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The Role of Attention and Ageing in the Retrieval Dynamics of Value-Directed Remembering

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The Role of Attention and Ageing in the Retrieval Dynamics of Value-Directed Remembering


Dillon H Murphy & Alan D Castel



ABSTRACT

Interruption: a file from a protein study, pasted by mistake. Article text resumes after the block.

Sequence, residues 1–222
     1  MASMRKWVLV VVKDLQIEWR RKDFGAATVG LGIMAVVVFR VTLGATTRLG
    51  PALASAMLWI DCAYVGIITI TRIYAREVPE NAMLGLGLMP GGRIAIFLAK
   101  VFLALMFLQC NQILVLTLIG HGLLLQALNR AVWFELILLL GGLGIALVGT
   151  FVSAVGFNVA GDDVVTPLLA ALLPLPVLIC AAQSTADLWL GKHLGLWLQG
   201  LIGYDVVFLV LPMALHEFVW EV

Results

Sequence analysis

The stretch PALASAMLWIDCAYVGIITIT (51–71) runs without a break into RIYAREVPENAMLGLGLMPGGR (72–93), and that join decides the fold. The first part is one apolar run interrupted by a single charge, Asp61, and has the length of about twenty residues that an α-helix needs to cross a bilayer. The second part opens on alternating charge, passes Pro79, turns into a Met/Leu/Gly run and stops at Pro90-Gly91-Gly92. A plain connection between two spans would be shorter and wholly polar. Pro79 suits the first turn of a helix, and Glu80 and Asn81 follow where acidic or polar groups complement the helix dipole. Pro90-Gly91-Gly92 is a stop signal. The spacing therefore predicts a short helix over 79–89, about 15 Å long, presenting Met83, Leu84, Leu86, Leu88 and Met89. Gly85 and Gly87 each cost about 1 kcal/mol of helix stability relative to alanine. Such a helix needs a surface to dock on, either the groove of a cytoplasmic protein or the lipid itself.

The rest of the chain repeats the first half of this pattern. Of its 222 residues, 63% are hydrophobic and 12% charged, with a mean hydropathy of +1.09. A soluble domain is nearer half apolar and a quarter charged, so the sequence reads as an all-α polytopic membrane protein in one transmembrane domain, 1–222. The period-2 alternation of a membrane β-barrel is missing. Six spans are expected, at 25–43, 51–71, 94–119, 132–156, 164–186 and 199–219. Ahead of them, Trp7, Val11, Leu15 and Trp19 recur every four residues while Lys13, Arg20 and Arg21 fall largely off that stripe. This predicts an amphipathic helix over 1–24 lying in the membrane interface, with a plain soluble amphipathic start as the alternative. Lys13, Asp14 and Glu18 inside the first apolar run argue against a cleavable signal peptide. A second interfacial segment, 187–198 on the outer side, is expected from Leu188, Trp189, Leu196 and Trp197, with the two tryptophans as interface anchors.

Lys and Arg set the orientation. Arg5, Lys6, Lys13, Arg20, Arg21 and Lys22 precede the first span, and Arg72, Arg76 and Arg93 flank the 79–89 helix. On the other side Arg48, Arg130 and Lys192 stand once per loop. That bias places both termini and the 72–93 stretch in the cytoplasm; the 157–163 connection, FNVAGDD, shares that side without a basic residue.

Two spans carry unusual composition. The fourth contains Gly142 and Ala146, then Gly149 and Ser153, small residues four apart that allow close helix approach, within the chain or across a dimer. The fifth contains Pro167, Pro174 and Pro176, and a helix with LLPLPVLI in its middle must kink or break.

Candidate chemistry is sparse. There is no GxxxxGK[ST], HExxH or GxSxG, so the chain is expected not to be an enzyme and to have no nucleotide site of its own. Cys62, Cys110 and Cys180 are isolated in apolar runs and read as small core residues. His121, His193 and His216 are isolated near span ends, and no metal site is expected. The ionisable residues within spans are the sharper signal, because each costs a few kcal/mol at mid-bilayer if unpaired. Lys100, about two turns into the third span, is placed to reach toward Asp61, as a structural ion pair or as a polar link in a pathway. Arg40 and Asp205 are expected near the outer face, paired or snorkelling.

For memory to be efficient, people need to remember important information. This involves selective encoding and retrieval operations to maximise the recall of valuable information at the expense of less important information. While past research has examined this in terms of strategic encoding operations, we investigated differences in the dynamics of retrieval in value-directed remembering tasks with younger adults under full and divided attention during encoding as well as in older adults. Participants typically initiated recall with the first presented, last presented, or highest valued words and also strategically organised retrieval according to information value such that high-value words tended to be recalled before low-value words. However, the average value of older adults’ first recalled word was greater than that of younger adults, likely contributing to their enhanced selectivity. In addition, there were no differences in lag-conditional-response probabilities in younger adults under full or divided attention, but older adults showed impairments in the retrieval of items sharing contextual features with nearby items, while younger adults relied more on temporal-contextual cues to recall words. Together, this study suggests that both strategic encoding and strategic retrieval operations contribute to selectivity for valuable information and older adults may be able to maximise retrieval operations despite displaying impairments in temporal binding during encoding and an overall recall deficit.






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